The remaining 11 parcels are in areas that had previously placed their overhead utilities underground. These 11 parcels are located in two different areas, with seven of the parcels located on Noche Vista Lane, a private drive, and four of the parcels on Geldert Court, a cul- de-sac extending off of Geldert Lane. Nine of the 11 properties have no frontage along roadways with poles and overhead wires. These properties received no benefit points for aesthetics. However, with respect to two of the properties determined to have frontage along roadways with poles and overhead wires, the engineer of work assigned one-half of an aesthetic benefit point to each parcel, even though the parcels already received their utilities from an underground network. The report assigned one-half of a safety benefit point and one-half of a reliability benefit point to each of the 11 properties in the previously undergrounded areas. The engineer of work reasoned that "[t]hese properties are considered to receive half the benefit from service reliability, as their small systems are completely surrounded by and dependent on the larger overall system that is to be undergrounded, and half the benefit from improved safety, as ingress and egress from their property is directly affected by overhead lines and poles." Accordingly, of the 11 parcels in previously undergrounded areas, nine received one total benefit point each and two received 1.5 total benefit points each.
The Original District was split into three "zones of benefit" described as the Del Mar Valley Area, the West Hawthorne Drive Area, and the Hacienda Drive Area. The engineer of work calculated the construction costs separately for each of these zones. The West Hawthorne Drive Area consists of the18 parcels that had petitioned to be included in the Original District but that receive their utilities from a separate system of overhead utility lines. The Del Mar Valley Area comprises the largest zone within the Original District, consisting of 164 parcels. The Hacienda Drive Area consists of 39 parcels on or near Hacienda Drive, on the northeastern border of the Original District. Although the engineer of work's report does not state why the Hacienda Drive Area was created as a separate zone for purposes of calculating construction costs, elsewhere in the administrative record it is explained that the area contains lower density development (i.e., larger parcels), thus making it more costly per parcel to place utilities underground.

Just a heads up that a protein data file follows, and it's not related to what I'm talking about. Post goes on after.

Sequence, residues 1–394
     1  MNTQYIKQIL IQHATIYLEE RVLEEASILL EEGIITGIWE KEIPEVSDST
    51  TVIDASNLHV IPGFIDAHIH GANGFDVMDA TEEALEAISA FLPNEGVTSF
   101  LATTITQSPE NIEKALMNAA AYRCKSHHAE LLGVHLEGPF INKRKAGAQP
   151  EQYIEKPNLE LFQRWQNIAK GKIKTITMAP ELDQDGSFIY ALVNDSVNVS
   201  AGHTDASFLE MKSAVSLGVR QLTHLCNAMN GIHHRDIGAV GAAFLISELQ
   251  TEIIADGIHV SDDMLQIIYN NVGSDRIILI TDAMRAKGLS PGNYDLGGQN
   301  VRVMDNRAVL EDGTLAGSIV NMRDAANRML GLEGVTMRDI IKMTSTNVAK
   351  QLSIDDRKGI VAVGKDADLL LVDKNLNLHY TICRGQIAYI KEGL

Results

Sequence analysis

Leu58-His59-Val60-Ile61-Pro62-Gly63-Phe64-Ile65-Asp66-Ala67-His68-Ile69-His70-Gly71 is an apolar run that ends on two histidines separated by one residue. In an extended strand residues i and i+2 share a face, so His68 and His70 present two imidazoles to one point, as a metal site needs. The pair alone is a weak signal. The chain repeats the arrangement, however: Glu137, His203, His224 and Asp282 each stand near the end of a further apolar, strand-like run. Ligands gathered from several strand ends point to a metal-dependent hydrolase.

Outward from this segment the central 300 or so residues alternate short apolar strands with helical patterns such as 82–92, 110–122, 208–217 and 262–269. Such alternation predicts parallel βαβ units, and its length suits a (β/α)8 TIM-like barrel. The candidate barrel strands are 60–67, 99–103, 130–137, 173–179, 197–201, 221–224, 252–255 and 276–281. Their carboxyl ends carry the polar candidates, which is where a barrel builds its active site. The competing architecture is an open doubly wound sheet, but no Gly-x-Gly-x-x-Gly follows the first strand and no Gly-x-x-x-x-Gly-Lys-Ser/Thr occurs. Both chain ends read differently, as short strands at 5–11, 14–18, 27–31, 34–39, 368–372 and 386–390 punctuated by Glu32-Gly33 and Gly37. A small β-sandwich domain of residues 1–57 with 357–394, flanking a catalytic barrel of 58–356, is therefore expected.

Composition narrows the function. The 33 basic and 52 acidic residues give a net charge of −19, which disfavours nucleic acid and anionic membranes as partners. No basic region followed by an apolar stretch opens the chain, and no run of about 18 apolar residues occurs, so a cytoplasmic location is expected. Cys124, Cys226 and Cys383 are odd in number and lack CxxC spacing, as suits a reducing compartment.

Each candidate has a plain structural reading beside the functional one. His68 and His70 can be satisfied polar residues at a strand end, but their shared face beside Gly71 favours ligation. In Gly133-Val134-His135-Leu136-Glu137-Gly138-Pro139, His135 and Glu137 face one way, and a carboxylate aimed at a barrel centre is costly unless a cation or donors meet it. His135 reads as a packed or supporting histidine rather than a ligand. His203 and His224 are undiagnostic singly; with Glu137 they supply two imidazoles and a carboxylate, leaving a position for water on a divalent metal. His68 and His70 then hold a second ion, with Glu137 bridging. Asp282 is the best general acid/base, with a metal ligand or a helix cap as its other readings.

Total costs for the assessment were estimated to be $4,720,000, of which $3,900,611 were construction costs. Construction costs in each of the three benefit zones were calculated separately and apportioned to properties within that zone in proportion to the number of benefit points assigned to each property. The remaining project costs, including incidental expenses and financial costs, were allocated to each zone in the same proportion as construction costs among the zones. As a consequence, a parcel in a zone with a higher construction cost per parcel would also have a correspondingly higher allocated cost for incidental expenses and financial costs.
Because the engineer of work determined construction costs separately for each of the three benefit zones, a parcel assigned three benefit points in one zone had a different proposed assessment than a parcel assigned the same number of benefit points in another zone. Thus, the proposed assessment for a single family residential parcel receiving three benefit points was $12,528.19 in the West Hawthorne Drive Area, $21,717.04 in the Del Mar Valley Area, and $31,146.62 in the Hacienda Drive Area. Proposed assessments for the 11 parcels in areas with utilities already placed underground ranged from $7,239.02 to $15,573.51.
Owners of parcels in the Original District voted in favor of the assessment. The vote was 71 percent in favor and 29 percent opposed, with individual parcel votes weighted according to each parcel's proposed assessment. On May 18, 2005, the Town's council voted unanimously to approve the engineer of work's final report, to order the improvements, to establish the Original District, and to confirm the proposed individual assessments. On May 27, 2005, assessment notices were sent to property owners within the Original District.